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June 28, 2017 37 mins

Will and Mango plan to build a new Rushmore. But who deserves to be on it? Chester "too many pants" Arthur? Calvin "Vaseline Head" Coolidge? Or just the legendary M Van B? Featuring Cormac O'Brien.

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Speaker 1 (00:00):
Guess what will? What's that mango? So I love invented games,
like the idea of things like Worlie ball, which is
just like lacrosse played from bumper cars, or elephant polo.
But my new obsession is Hoover Ball, like President Hoover. Yeah,
apparently Hoover's physician told him he needed to lose weight
and be more fit, so they designed this game that's
like tennis meets volleyball, but is played with a medicine ball.

(00:24):
It actually sounds really fun. You can only do certain
types of throws from certain places on the court, and
players actually get sent out of the game for making
errors and how they catch the ball. But as I
was reading up on Hoover and how addicted he was
to the sport, like he played every single morning with
his medicine ball cabinet and he only canceled the game once,
well it made me wonder about American presidents and what

(00:47):
their weird hobbies are. I mean, none of my American
history textbooks had any mention of Hoover Ball. But what
else don't we know about presidents and what juicy, ridiculous
secrets are they hiding? And that's what today's show is
all about, right, say their podcast listeners. Welcome to Part

(01:20):
Time Genius. I'm Will Pearson and as always I'm joined
by my good friend man guest, have ticket here, and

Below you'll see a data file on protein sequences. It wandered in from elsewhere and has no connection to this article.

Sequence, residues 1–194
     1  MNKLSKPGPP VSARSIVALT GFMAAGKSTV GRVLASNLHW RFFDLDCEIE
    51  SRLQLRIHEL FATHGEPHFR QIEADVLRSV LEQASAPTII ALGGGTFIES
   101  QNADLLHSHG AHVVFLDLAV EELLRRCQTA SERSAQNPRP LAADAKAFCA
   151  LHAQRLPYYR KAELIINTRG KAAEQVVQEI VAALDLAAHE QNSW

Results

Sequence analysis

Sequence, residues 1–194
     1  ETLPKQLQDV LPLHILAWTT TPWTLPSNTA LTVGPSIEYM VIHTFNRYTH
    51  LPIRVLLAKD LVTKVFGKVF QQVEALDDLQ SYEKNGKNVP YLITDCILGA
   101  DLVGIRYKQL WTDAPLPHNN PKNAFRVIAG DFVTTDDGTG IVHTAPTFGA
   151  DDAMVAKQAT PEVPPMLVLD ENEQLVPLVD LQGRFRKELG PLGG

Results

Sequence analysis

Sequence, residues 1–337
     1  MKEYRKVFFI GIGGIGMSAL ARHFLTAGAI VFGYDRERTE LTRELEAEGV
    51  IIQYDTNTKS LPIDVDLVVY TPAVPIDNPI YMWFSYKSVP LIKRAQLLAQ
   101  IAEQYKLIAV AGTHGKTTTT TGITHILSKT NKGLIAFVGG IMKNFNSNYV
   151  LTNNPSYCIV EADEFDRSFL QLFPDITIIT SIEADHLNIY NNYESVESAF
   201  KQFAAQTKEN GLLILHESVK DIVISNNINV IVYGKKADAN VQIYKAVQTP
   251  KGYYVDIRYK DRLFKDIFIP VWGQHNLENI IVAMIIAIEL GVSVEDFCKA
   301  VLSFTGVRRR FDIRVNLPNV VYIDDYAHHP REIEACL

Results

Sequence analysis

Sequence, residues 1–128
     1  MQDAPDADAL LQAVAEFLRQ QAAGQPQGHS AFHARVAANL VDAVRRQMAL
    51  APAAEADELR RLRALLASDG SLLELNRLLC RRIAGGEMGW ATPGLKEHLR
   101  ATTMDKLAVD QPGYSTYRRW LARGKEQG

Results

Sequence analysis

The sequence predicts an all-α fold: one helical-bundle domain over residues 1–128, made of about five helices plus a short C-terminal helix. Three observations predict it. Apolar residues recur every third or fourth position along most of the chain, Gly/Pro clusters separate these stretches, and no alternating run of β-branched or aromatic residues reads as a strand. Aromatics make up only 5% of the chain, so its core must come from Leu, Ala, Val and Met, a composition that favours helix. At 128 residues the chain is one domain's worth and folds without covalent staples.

today we're talking about President because the President isn't someone
we talk about enough these days, right. You know, I
feel like i've seen him in the news recently, like
he said a few things and done a few things
recently a couple and a few of those things have
been a little strange, don't you think, I mean, maybe

(01:41):
just a little. But here's the thing. I think the
number of odd things we're hearing and seeing these days
are making us forget just how weird many of our
past presidents were, and we should appreciate them for it.
So that's what I want to talk about. I think
we should give people a little break from hearing about
our current leader of the free world and talk about
the weird personalities who have occupied this office in the past.
You know, you and I have been revisiting one of

(02:03):
our favorite books about the president's Cormack O'Brien's Secret Lives
of the US Presidents, and I know there's a ton
of fascinating stuff in there too. So let's talk history.
That's a great idea, and I think we should tell
our listeners about our big plan. Uh are you sure?
I mean, why not? Okay, So listeners, A few months back,
Will and I discovered a piece of property located on

(02:24):
the mountain side. And on that mountain side we noticed
a rock that looked so much like our eighth President,
Martin Van Buren. And side note, he was the only U.
S President who learned English as a second language. That's right,
his first language was Dutch. And that's crazy how much
this rock looked like him though, you know, with the
eyes and the nose and the hair. It was just striking,
almost scary. So we thought, it's been ninety years since

(02:46):
construction on Mount Rushmore started, and Mount Rushmore is so
far from where we are in Atlanta, we really need
another mountain with the faces of former presidents carved into it.
So let's figure this out. And wouldn't you know it
that properties for sale. Now. We can't tell you guys
where it is because we don't want anyone else to